"More than classes in swimming and making hats": the YWCA and social reform in Houston, Texas, 1907-1977
Wille, Pamela Faith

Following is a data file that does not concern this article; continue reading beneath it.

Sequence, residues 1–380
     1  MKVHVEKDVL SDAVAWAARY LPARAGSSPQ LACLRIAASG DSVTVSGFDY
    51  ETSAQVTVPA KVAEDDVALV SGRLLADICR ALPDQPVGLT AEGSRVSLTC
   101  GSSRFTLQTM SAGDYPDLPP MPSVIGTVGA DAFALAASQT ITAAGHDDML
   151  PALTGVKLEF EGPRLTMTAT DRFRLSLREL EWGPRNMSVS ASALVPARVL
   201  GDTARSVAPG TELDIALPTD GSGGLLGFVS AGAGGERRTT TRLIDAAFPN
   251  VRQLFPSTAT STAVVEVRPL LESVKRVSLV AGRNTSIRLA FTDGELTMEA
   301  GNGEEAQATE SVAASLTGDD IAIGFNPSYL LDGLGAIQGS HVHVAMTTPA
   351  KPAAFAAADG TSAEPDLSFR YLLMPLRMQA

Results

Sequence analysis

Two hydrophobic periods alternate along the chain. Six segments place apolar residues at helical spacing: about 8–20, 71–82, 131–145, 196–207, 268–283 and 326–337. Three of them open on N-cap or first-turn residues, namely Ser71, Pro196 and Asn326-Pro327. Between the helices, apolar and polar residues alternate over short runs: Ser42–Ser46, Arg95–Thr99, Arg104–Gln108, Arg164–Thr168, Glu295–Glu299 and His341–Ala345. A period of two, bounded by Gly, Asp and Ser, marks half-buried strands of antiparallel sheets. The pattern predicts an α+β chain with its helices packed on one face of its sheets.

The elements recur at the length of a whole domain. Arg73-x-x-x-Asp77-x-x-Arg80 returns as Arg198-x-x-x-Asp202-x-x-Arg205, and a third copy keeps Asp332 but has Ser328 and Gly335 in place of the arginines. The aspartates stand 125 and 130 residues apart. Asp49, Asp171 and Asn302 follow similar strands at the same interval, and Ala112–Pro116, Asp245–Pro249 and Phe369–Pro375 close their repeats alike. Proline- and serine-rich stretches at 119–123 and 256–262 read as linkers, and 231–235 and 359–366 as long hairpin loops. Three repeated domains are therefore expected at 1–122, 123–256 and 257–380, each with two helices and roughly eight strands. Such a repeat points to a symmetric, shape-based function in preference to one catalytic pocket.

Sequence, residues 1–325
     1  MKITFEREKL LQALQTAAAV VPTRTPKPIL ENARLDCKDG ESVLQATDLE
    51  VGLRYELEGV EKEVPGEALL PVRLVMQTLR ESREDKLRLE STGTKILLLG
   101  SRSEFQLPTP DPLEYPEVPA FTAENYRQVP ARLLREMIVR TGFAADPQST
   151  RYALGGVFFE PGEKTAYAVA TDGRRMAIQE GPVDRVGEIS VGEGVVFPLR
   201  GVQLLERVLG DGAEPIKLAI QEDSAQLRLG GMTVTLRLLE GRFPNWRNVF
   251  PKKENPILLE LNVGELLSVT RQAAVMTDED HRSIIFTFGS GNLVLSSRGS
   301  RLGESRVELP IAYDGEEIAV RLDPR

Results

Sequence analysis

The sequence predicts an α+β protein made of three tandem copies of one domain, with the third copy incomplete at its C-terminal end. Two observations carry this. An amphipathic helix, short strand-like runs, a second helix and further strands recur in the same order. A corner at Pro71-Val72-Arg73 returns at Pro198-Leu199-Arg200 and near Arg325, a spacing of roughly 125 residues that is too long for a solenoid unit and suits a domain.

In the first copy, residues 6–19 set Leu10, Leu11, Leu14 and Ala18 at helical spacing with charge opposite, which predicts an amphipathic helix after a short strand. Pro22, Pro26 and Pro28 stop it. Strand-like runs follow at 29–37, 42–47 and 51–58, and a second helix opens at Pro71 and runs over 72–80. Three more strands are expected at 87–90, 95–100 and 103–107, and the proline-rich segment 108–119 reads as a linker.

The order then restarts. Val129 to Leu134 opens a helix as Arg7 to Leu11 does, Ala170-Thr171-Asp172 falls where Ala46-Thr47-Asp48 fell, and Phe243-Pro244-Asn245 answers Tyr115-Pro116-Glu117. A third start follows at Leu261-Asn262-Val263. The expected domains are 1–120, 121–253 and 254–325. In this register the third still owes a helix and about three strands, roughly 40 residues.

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The Young Women's Christian Association (YWCA) began in the United States during the mid-nineteenth century. It had as its purpose the assistance of young, single women who sought employment in the many urban areas throughout the nation. The association spread from the northeastern United States throughout the country. The Houston YWCA began in 1907, as the city began its tremendous growth into a major metropolitan area and at the height of the Progressive Era. The association quickly involved itself in many of the social reforms of the day. As it did so, the Houston YWCA Board of Directors found itself struggling to meet the directives of the National YWCA Board, the needs of its paid membership, and the demands of the local citizens who funded its programs. This dissertation explores the role of the YWCA as an agent of social reform in Houston from 1907 through 1977. Recent studies of the YWCA have focused on various aspects of the organization, ranging from its religious teachings, its attempts to organize and African-American branch, to its program offerings to the local citizens. No study to date has explored the activities of the Houston YWCA. The city of Houston boasted a diverse population with a large number of African-American and Latino citizens. The opening of a city YWCA in 1907 coincided with the phenomenal growth of Houston. The association quickly became a prominent women's organization and gained the respect of city leaders. In addition, no study has explored the impact of funding on the activities of a city association. This dissertation explores the attempts of a women's organization to act as an agent of social reform in a major metropolitan city. It also attempts to show how the dictates of a national organization don't always come to fruition as quickly at the local level. The demands of funding agencies and the apprehensions of local citizens regarding change often dictated the success or failure of social reform programs. For the women associated with the Houston YWCA, the decision to adhere to national dictates or acquiesce to citizens concerns fell on the shoulders of the volunteer Board of Directors. In many ways, the actions of the Houston association were the actions of the Board of Directors.